Diary of a (still happening) Mad Year (+)

When historians start treading the waters of 2020-2021, trying to make sense of the Coronavirus and its impact will be key. And maybe with distance, we will be able to see the full forest of trees.

But now, we are in the weird pre-post pandemic time and it behooves us to look back at this year+ even though it is easier to read about happier things.

All that to say that you can now buy the Coronavirus Diaries compiled by Portland beer writer Jeff Alworth, where he spoke with beer people in the thick of the drama. It is honestly very dramatic.

Aftermath – Part 6

Will delivery be normal after the virus has passed? Will to-go orders and curbside pick-up remain an option?

I would say that both will eventually phase out. In-state delivery is just too costly not to mention bad for an environment healing from lack of cars on the road. Plus, with travel opened up, visiting breweries will more than like return if the stir crazy mood of Americans is any indication.

Curbside though might hang on longer as fear and worry slowly dissipate. Eventually though, the keg trade will reclaim its position and there will be less cans and bottles to pick-up and run with.

Where it may linger a bit more is in the delivery apps. They are either going to struggle with being profitable or struggle to pay a workforce that will increasingly call for more money and alcohol might be a big ticket item that could be used to pay back investors and contractors.

The taproom experience is clearly something people want so that means back to the sidelines for delivery.

Send Good Thoughts Brewery # 2- Indiana’s Function Brewing

I wish that Function Brewing was functioning normally. Having to navigate an online ordering and contactless purchasing world is weird.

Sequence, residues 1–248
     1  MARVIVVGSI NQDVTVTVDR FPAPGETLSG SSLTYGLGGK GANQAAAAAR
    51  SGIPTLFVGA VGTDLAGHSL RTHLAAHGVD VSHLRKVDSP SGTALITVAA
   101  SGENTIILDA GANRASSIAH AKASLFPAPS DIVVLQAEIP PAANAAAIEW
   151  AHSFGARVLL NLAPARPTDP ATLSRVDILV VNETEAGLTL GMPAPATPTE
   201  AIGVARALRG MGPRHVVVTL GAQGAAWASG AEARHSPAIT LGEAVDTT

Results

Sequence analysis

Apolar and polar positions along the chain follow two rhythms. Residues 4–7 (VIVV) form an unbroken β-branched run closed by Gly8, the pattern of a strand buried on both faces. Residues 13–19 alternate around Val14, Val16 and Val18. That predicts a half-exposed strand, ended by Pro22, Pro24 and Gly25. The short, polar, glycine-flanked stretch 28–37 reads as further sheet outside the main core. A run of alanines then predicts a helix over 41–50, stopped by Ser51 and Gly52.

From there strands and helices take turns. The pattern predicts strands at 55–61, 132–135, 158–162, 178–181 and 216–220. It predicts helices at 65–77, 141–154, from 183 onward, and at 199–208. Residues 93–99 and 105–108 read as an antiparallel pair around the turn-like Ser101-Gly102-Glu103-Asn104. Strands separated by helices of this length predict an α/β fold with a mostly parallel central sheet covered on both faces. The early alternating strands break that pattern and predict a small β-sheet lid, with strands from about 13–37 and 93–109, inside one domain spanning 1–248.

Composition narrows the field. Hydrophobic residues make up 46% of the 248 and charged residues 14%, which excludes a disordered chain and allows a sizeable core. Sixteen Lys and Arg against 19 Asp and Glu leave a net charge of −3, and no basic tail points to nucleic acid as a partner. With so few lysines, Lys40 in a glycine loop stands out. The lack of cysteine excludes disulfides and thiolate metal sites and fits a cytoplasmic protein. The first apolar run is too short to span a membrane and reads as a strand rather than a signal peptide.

Here is what I would order to-go from their online store if I was in Bloomington…

Archimedes Pale Ale, Digit Red Ale, Equidistant IPA – notice a math trend? I really like breweries that have a theme to their names.

Anyway, here are a couple more fun sounding beers…

Bernoulli Saison and then one or both of their American Porter’s, Hypotenuse or Hyperbolic.

Aftermath – Part 3

The American shipping and distribution system is amazing. You can get something in under an hour. But as we have seen with the run on toilet paper, it doesn’t take much to hobble that system.

This will extend to breweries, and not just with ingredients but with items like the beer container. Kegs are not in vogue. But boy, the amount of Crowlers and sixteen ounce cans needed are rising higher.

But that means that a system built for just in time delivery and expecting only a certain quantity of sales now has to pivot to new market conditions and then will have to change again when this is all over.

Meanwhile, the growler, which has completely lost favor, has had a tiny renaissance as breweries have opened up the taps to any container that they can put beer in.

Supply and demand is in cans already and it will soon be hitting other ingredients too.

Aftermath – Part 2

Part of me can fully understand why this might be true but another part asks the question of “if buying beer is hard then how is buying beer ingredients any easier?”